• ITVI.USA
    11,095.550
    -126.500
    -1.1%
  • OTRI.USA
    15.880
    -0.310
    -1.9%
  • OTVI.USA
    11,081.180
    -123.910
    -1.1%
  • TLT.USA
    2.900
    0.000
    0%
  • TSTOPVRPM.ATLPHL
    2.520
    0.160
    6.8%
  • TSTOPVRPM.CHIATL
    1.860
    0.020
    1.1%
  • TSTOPVRPM.DALLAX
    1.310
    0.140
    12%
  • TSTOPVRPM.LAXDAL
    2.260
    0.100
    4.6%
  • TSTOPVRPM.PHLCHI
    1.260
    0.040
    3.3%
  • TSTOPVRPM.LAXSEA
    2.730
    0.150
    5.8%
  • WAIT.USA
    103.000
    -17.000
    -14.2%
  • ITVI.USA
    11,095.550
    -126.500
    -1.1%
  • OTRI.USA
    15.880
    -0.310
    -1.9%
  • OTVI.USA
    11,081.180
    -123.910
    -1.1%
  • TLT.USA
    2.900
    0.000
    0%
  • TSTOPVRPM.ATLPHL
    2.520
    0.160
    6.8%
  • TSTOPVRPM.CHIATL
    1.860
    0.020
    1.1%
  • TSTOPVRPM.DALLAX
    1.310
    0.140
    12%
  • TSTOPVRPM.LAXDAL
    2.260
    0.100
    4.6%
  • TSTOPVRPM.PHLCHI
    1.260
    0.040
    3.3%
  • TSTOPVRPM.LAXSEA
    2.730
    0.150
    5.8%
  • WAIT.USA
    103.000
    -17.000
    -14.2%
NewsWeather and Critical Events

Wildfires still burning in drought-stricken Florida Panhandle

Evacuations, highway shutdowns ensue

Wildfires in at least three different parts of the Florida Panhandle continued burning through the night Wednesday into Thursday morning, one of them stopping traffic in its tracks.

According to the Florida Forest Service, the Five Mile Swamp Fire in Santa Rosa County grew to almost 10 times its size from Wednesday morning to Thursday morning, now covering about 2,000 acres. This fire began Monday afternoon near Milton, Florida, just east of Pensacola. So far it has burned dozens of buildings and was only 35% contained as of 10 a.m. CT Thursday.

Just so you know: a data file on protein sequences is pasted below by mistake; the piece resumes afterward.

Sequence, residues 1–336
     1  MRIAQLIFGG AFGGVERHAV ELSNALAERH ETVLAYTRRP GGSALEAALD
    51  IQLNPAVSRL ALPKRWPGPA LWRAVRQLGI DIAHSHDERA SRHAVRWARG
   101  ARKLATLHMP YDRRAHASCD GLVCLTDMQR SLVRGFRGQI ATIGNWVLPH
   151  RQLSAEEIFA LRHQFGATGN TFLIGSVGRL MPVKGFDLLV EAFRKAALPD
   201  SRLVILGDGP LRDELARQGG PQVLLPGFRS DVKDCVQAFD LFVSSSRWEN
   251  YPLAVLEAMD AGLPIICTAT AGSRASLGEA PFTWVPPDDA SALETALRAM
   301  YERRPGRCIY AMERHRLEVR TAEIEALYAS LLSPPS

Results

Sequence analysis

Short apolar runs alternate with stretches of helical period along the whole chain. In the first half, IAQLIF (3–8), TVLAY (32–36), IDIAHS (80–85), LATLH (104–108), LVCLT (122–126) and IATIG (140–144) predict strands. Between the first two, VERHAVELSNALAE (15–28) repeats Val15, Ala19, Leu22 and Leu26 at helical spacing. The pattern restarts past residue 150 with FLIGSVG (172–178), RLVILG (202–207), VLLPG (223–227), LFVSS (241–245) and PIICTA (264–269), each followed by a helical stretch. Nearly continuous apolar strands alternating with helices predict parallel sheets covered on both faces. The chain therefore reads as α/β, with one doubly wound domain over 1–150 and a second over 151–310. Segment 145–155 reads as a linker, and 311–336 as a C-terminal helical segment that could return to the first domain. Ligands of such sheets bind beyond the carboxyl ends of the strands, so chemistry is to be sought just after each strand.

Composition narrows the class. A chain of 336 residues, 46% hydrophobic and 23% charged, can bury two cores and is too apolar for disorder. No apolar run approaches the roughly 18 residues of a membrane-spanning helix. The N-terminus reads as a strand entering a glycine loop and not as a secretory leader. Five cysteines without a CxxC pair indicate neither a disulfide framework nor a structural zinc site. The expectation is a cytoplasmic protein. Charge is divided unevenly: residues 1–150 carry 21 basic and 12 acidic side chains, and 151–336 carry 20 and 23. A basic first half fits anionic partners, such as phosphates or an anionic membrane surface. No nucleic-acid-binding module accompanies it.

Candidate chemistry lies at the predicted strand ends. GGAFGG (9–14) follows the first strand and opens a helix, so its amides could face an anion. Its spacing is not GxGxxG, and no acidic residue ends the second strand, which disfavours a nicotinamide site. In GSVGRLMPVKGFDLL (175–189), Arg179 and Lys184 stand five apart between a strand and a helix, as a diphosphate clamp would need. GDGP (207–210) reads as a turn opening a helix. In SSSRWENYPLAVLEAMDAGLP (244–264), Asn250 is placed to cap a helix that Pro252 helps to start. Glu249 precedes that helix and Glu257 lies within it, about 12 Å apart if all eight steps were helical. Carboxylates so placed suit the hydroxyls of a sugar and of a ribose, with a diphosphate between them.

Because of thick smoke from the fire, the Florida Highway Patrol shut down a 10-mile stretch of Interstate 10 Wednesday afternoon. It didn’t reopen until earlier Thursday.

People evacuated more than 1,000 homes as multiple crews, including 18 tractor units, worked to get the fire under control.

In nearby Walton County, Florida, a separate wildfire broke out Wednesday, forcing the evacuation of 500 families and burning 18 structures. Fifteen tractors were dispatched to the scene, the Florida Forest Service said early Thursday morning.

Walton County Sheriff Michael A. Adkins said he expects the apparently human-caused fire to continue burning throughout Thursday.

“It boils down to an illegal burning,” Adkins said in a broadcast on social media, adding that he had been in contact with state agricultural law enforcement authorities and expected an arrest shortly.

The South Walton Fire district said on Facebook that the fire in that county burned 575 acres and was 60% contained by around 2 a.m. Thursday, but the Florida Fire Service said in a tweet around the same time that the size and containment were unknown.

Another, smaller fire of roughly 60 acres in Escambia County, at the state’s northwestern edge, also burned on Wednesday.

Unusually dry conditions have persisted across much of the Florida Panhandle since fall, making it easy for wildfires to start. Recent windy weather has helped spread the fires quickly.

Almost half of Florida is listed by the U.S. Drought Monitor as “abnormally dry,” the lowest drought category; 22% is in “moderate drought”, with almost 9% in a “severe drought.”

Jonathan Erdman, senior meteorologist with weather.com, said “Pensacola, Florida, usually a reliably wet part of the northern Gulf Coast in spring, has only picked up 43% of its average rain since March 1.”

Pensacola has received 4.59 inches of rain since March. To date, this is 6.2 inches below the city’s normal spring rainfall.

A cold front will move through northern Florida on Friday night into early Saturday, producing some rainfall. That may not be enough to extinguish the fires, however, and winds may still gust up to 20 mph even after the rain quickly fades.

Tags
Show More

Nick Austin, Director of Weather Analytics and Senior Meteorologist

In his nearly 20 years of weather forecasting experience, Nick worked on air at WBBJ-TV and WRCB-TV, including time spent doing weather analysis and field reporting. He received his Bachelor of Science in Meteorology from Florida State University as well as a Bachelor of Science in Management from Georgia Institute of Technology. Nick is also a member of the American Meteorological Society and National Weather Association. As a member of the weather team at WBBJ-TV in Jackson, Tennessee, Nick was nominated for a Mid-South Emmy for live coverage of a major tornado outbreak in 2008. As part of the weather team at WRCB-TV in Chattanooga, Tennessee, Nick shared the Chattanooga Times-Free Press Best of the Best award for “Best Weather Team” for eight consecutive years. Nick earned his National Weather Association Broadcasting Seal in 2005.
Close